A device called the sKan has won the 2017 international James Dyson Award. The sKan makes heat maps of the skin to identify anomalies associated with melanoma, the most deadly form of skin cancer, to enable earlier detection.
Globally skin cancer is the most common form of cancer, while you might assume that its appearance on the outside of the body makes it easy to spot, it still results in tens of thousands of deaths every year. It is largely because diagnosis relies on visual inspection by doctors, meaning melanomas can often be missed until it is too late.
sKan is designed by a team from McMaster University in Canda, the device can make more accurate diagnoses quickly and reasonably cheap. It is based on the fact that cancer cells have a faster metabolic rate than healthy cells, meaning they release more heat. To check whether a patch of skin has the beginnings of melanoma, the suspected area is first cooled with an ice pack before the sKan device is placed against the skin.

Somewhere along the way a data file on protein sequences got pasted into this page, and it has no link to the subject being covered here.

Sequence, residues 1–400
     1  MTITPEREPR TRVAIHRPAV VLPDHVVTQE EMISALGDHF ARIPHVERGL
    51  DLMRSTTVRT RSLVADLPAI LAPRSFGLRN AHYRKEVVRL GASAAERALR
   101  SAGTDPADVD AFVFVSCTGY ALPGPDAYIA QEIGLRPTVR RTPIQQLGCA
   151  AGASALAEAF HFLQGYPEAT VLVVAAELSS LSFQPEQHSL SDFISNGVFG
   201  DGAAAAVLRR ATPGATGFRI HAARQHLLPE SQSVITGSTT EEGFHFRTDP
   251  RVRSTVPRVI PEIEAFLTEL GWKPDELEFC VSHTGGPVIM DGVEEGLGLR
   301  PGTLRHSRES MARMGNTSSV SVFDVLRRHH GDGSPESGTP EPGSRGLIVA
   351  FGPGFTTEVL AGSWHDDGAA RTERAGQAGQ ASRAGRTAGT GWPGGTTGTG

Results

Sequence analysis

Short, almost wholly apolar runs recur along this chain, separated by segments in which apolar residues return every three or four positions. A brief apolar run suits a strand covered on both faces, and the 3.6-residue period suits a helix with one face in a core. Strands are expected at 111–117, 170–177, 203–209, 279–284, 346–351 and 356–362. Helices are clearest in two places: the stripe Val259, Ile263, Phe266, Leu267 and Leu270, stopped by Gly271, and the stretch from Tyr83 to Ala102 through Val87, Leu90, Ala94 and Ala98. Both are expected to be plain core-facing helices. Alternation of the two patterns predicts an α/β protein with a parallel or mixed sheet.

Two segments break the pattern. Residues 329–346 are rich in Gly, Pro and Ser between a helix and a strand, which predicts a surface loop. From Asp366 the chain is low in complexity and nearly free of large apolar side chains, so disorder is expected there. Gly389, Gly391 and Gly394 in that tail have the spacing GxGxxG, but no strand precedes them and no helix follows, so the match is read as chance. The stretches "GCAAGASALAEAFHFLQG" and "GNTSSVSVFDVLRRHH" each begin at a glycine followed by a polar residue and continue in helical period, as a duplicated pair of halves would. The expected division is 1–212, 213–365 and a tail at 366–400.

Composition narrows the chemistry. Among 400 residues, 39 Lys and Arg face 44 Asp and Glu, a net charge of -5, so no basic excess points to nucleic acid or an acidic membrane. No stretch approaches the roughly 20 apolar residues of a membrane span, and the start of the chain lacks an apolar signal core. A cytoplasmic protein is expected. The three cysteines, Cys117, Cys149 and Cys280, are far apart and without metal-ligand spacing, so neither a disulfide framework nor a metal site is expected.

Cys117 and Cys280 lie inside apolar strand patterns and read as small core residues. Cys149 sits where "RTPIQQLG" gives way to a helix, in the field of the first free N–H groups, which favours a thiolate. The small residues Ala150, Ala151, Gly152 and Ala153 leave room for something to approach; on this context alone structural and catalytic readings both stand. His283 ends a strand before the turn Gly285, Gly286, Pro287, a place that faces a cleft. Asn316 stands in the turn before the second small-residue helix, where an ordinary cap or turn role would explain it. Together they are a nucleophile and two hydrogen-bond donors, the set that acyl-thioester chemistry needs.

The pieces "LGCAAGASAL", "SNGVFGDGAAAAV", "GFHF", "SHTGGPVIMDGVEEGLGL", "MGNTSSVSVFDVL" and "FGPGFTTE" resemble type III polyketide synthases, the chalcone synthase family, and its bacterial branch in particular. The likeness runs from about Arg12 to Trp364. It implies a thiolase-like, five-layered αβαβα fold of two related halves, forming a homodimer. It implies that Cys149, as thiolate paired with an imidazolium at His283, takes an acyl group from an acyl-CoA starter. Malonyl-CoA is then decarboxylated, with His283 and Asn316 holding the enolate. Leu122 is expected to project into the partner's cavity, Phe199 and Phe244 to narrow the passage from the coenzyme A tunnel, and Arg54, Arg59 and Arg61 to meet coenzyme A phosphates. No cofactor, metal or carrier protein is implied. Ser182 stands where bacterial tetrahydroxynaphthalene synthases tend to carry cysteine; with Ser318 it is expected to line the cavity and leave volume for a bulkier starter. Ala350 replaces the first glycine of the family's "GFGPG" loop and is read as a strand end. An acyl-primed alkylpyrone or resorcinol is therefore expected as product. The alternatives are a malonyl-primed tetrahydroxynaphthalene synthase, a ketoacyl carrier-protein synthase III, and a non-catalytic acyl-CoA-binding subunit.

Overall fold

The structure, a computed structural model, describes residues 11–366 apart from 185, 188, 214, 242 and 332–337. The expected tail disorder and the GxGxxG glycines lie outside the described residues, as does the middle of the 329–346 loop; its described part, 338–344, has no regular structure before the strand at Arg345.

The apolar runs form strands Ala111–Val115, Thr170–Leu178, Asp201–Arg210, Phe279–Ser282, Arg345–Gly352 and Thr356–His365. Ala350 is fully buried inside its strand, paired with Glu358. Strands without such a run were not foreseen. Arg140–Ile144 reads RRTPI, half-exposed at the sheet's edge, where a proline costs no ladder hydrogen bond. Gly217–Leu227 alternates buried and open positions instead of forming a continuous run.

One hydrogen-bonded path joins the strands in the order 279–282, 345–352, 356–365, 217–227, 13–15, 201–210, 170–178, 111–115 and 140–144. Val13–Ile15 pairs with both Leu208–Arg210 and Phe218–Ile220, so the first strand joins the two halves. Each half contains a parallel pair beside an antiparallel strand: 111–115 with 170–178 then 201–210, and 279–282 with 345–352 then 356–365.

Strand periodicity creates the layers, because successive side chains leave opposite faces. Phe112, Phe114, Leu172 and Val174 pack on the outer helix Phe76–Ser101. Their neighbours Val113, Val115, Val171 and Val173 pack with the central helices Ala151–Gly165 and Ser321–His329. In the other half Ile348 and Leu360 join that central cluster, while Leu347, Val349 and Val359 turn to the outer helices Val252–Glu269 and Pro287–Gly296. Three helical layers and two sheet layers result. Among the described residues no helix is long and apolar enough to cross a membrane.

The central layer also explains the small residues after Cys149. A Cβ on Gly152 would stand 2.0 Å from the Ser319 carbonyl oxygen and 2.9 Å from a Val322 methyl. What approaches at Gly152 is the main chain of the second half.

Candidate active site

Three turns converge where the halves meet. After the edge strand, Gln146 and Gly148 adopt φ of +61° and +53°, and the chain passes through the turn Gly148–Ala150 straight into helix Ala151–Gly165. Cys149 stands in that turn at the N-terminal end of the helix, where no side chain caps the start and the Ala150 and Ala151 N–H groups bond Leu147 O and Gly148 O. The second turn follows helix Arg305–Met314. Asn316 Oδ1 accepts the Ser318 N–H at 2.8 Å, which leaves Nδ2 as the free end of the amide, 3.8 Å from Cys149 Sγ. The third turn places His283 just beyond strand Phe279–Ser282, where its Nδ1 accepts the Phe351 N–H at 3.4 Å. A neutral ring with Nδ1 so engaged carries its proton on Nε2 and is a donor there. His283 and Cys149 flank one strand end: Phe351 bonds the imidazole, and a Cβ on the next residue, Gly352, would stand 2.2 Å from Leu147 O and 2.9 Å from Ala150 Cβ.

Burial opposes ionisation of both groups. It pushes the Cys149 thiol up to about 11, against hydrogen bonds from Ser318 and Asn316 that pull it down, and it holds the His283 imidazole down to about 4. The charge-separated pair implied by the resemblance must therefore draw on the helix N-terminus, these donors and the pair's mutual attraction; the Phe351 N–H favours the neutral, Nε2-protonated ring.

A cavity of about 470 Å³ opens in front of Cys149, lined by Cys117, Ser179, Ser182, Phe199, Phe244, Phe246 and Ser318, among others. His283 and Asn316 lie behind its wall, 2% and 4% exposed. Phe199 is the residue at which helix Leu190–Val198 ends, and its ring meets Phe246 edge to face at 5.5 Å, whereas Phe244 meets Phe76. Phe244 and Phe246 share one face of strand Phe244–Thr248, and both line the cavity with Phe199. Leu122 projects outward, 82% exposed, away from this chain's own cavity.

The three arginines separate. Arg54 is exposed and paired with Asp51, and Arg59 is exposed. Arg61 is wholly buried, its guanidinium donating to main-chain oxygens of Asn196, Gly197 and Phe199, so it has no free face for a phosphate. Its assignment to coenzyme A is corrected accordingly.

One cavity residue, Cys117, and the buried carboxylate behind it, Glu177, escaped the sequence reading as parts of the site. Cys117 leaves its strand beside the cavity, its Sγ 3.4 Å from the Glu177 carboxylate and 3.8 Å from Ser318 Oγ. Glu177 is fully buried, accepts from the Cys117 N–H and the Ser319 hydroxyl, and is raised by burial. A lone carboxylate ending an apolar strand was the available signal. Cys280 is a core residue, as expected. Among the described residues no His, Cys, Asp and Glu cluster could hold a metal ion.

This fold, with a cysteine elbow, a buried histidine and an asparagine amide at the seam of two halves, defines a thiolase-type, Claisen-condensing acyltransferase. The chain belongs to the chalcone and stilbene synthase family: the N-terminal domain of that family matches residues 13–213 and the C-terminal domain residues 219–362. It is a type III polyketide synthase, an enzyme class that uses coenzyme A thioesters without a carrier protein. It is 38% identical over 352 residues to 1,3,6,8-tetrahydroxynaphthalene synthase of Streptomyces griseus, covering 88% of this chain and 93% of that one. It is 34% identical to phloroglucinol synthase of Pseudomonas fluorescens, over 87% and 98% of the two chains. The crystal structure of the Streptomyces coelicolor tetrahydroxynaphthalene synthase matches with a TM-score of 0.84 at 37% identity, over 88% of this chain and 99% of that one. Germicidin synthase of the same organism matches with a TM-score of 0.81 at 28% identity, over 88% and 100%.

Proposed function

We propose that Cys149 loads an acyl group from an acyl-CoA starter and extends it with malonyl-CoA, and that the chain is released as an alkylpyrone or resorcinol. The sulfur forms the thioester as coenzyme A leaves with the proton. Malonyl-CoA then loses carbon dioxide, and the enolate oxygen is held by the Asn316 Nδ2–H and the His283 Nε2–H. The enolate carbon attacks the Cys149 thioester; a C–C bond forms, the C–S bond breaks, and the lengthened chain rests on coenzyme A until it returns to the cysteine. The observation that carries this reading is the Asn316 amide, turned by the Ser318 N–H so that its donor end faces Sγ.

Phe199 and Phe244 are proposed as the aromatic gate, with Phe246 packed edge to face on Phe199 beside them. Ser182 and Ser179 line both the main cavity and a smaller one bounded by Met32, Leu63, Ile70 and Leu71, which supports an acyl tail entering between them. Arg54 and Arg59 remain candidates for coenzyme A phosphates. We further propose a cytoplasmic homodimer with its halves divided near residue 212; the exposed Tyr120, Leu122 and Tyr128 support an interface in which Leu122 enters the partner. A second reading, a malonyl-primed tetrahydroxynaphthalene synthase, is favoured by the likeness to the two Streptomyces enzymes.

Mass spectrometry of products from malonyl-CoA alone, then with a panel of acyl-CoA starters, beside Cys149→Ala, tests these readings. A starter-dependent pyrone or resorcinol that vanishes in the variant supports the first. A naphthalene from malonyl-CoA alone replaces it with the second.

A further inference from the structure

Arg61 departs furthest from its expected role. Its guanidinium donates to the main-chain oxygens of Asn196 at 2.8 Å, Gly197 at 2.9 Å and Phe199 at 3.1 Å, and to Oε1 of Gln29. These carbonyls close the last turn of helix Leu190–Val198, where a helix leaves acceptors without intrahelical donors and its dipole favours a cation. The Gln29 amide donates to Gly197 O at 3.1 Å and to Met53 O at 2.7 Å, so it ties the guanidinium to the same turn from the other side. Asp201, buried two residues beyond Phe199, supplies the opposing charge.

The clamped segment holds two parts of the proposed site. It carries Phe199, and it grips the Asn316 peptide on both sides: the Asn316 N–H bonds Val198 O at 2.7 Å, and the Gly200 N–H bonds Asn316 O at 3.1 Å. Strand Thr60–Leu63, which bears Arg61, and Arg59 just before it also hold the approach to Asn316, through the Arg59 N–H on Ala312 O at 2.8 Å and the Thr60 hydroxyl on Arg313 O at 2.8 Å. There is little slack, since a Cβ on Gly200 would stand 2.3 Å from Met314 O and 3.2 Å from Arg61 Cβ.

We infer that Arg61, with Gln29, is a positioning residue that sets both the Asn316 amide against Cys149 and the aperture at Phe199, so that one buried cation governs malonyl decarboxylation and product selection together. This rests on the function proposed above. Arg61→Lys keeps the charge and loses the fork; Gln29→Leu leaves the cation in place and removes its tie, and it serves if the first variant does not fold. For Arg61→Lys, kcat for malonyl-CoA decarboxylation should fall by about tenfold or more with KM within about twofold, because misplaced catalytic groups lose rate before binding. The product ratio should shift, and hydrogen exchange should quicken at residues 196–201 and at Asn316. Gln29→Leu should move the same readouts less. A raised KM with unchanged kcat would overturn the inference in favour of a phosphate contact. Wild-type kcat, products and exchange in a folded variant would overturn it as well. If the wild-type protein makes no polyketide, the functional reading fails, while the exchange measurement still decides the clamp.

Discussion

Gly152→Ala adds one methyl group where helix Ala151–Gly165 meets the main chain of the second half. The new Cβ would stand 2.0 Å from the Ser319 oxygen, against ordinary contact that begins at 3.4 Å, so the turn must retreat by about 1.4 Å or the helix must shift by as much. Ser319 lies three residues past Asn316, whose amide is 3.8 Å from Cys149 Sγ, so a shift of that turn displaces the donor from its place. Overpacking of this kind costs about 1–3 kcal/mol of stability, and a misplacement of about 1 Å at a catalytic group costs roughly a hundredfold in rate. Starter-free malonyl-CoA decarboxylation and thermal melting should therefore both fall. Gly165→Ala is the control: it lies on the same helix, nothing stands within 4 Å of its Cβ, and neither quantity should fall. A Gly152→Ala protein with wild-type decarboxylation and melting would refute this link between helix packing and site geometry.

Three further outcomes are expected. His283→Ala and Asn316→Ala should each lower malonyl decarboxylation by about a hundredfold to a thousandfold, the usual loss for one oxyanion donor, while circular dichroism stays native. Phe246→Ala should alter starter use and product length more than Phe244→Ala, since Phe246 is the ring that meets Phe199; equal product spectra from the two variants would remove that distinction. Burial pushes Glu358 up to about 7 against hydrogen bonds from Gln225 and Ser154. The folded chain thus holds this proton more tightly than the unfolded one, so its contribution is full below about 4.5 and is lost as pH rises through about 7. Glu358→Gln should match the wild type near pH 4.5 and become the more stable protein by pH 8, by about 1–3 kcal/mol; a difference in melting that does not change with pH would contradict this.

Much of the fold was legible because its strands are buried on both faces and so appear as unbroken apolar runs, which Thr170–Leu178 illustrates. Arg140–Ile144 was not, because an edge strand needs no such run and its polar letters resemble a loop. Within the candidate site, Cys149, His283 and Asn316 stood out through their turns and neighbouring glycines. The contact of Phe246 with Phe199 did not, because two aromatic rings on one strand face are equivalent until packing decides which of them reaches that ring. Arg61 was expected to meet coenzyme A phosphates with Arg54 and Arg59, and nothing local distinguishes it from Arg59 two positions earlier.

If there is a melanoma present, it will warm up faster than the surrounding skin, revealing itself on a heat map and temperature difference time plot created through a connected computer program.
The device earned the team this year's international James Dyson Award, a contest for teams of university student to encourage innovation.
You can see more about the sKan device in the video below: